Newsletter Desktop Newsletter Mobile

When the owners of Two Men and A Truck – Columbus came up with a unique plan to sell their franchise to an employee, their lawyers were skeptical. Very skeptical.

“Initially, they thought we were nuts,” says former company president Gail Kelley. “They warmed up to it after a while.”

Gail and her husband John Kelley figured out the deal structure, in outline form, on a lot of yellow tablets. The only adviser they consulted was their financial planner who helped them understand how much money they needed to be able to live the way they wanted to after the sale.

Then they took the outline, which included financing the transaction themselves, using business profits for payments, to their business attorneys to flesh out.

Smart Business Dealmakers spoke with Gail and John about how they sold their moving company, which is consistently No. 2 in sales volume out of about 350 Two Men and A Truck franchises.

Finding a buyer

From the beginning, Gail and John were open that they wanted to sell to someone in the company. The couple had already worked close to 20 years in retail, so in 1993 they went into Two Men and A Truck – Columbus with an end goal in mind.

“Over the years, we’ve had several individuals come and talk to us, and as long as they kept growing with the company, we kept teaching them — the P&L, the thought process on making decisions, etc.,” Gail says.

After 10 years, the third attempt was successful. The new owners, Stephanie and Justin Clarey, spent years in the business, with the Kelleys always being transparent about operations, costs and what it took to be profitable.

“They both had good fundamental understanding of how the company operated, and it met our criteria of being able to sell it to somebody in-house who we had brought up in the business and understood our principles and our goals and our objectives — that was important to us,” John says.

While the first two attempts to sell just didn’t work out, Gail says there were no hard feelings. The third time, though, the couple requested a down payment, which helped create more buy-in.

A flexible structure

Another benefit of selling to an employee is Two Men and A Truck – Columbus has good cash flow but few assets. The only assets are trucks, which tend to depreciate quickly. After some soft valuations, Gail and John decided it would be better to carry the deal financing themselves.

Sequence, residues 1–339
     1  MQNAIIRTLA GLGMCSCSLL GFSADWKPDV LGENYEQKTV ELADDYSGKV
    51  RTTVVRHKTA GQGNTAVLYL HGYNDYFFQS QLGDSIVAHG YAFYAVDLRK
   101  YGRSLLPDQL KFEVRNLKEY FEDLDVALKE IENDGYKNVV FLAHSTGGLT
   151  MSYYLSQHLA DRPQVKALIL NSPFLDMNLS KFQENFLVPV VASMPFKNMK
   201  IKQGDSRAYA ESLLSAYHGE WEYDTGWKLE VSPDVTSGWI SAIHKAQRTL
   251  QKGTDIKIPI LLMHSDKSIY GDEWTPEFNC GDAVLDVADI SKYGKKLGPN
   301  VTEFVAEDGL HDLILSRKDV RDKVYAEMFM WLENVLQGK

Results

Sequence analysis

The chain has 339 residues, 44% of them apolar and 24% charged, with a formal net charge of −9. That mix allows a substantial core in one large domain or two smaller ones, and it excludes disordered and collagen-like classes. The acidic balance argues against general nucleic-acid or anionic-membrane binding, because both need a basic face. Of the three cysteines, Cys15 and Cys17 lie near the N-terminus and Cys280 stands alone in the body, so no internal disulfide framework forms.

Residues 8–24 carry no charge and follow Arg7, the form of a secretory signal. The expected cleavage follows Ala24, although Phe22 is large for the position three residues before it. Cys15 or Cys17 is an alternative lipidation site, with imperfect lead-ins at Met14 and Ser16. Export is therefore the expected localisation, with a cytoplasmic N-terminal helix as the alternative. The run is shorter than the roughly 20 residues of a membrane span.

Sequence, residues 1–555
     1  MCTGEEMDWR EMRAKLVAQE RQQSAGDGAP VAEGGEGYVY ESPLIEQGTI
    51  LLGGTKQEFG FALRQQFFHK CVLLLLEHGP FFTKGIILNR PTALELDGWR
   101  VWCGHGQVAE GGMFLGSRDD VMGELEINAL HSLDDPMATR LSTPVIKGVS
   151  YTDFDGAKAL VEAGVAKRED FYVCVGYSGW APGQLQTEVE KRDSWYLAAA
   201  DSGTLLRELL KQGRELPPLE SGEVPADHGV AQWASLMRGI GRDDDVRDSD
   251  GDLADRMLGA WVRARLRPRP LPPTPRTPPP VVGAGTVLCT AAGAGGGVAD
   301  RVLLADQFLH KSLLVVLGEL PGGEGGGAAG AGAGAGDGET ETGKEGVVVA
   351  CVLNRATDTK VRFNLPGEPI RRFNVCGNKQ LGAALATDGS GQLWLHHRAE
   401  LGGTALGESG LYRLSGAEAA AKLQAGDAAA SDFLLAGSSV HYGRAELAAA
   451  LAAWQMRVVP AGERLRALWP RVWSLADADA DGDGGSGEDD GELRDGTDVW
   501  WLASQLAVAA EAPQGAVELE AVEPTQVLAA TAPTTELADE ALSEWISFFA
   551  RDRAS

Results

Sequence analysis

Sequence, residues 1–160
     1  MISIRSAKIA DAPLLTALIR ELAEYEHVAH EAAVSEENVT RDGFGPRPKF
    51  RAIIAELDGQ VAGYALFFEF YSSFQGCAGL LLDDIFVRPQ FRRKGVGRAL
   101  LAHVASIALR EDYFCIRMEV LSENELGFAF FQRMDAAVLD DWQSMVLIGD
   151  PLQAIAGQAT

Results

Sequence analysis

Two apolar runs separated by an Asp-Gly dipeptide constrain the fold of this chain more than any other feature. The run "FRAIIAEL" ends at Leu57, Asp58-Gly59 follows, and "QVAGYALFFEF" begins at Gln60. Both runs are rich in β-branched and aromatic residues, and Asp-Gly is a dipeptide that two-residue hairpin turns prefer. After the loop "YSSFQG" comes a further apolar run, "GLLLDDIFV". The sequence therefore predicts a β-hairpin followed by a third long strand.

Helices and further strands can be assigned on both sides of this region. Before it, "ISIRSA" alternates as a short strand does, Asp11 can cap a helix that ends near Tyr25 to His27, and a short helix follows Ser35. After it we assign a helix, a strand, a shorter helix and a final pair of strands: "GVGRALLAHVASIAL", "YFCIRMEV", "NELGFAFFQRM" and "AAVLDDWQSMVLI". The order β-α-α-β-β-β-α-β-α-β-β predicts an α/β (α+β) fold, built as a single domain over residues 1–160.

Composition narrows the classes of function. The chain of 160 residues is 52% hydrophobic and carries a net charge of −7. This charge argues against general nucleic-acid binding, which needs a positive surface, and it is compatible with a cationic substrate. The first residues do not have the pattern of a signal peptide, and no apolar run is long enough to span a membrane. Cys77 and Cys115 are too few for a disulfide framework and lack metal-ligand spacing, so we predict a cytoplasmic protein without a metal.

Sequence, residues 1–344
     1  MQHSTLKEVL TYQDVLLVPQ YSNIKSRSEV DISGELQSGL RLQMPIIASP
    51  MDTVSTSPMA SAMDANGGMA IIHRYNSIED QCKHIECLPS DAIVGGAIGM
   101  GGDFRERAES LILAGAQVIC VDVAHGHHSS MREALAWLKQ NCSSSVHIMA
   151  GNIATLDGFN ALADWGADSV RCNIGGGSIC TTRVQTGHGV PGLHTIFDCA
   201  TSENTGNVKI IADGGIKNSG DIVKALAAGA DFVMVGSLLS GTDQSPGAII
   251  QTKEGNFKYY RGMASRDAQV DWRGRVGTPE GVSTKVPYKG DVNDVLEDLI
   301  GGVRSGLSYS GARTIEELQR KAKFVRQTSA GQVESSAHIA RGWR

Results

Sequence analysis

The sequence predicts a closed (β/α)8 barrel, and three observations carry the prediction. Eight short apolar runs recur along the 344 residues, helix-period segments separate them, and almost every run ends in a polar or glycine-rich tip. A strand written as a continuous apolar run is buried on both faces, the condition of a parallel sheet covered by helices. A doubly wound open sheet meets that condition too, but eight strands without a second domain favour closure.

“We structured this in a way that the company was profitable enough to make the payments out of the profit of the company without being detrimental to the operation,” he says.

They also stopped payments in January, February and March when the industry slows.

“We took the amortization tables and took the 12 months and squished it down to nine months,” Gail says. “You couldn’t do that if you went to a bank.”

A slow transition

Over the course of a four-year contract, Gail and John slowly turned things over, including sending the Clareys to meetings at Two Men and A Truck’s corporate office.

“Four years may seem like a long-term project, but at the time we were in our early 60s, so we weren’t ready to retire at that point yet anyway,” John says. “It didn’t hurt us any to continue working and continue grooming these individuals and teaching them what they needed to know.”

The four-year transition helped Gail and John learn how the new owners would handle the tough decisions, which reassured them the sale would work out well.

The Kelleys also had a financial goal to hit. Once they determined what they needed to retire, they knew the business had to grow to a certain point where they could sell it for enough.

“Once we had all that set, and we thought we had the right couple, it became kind of a race to see if we could get to that number to make everything work,” she says. “The good news for us is we were not pulling people along; they were pulling the company along.”

With the sale itself, John says it changed more than he expected after signing the agreement in January. They’ve had to make amendments because of things like tax implications.

“Do the best job you can do, but expect that things will change, and make the contract flexible enough to accommodate some of those changes that may happen after the fact,” he says.

Today, Gail and John, who have a financial stake in the company’s success, still meet with the new owners once a quarter to answer questions, look at the P&L and get a pulse check. They are also willing to talk anyone who is interested in learning more about the sale process.

“We’re more than happy just to have a beer or a cup of coffee and tell people what we did,” Gail says.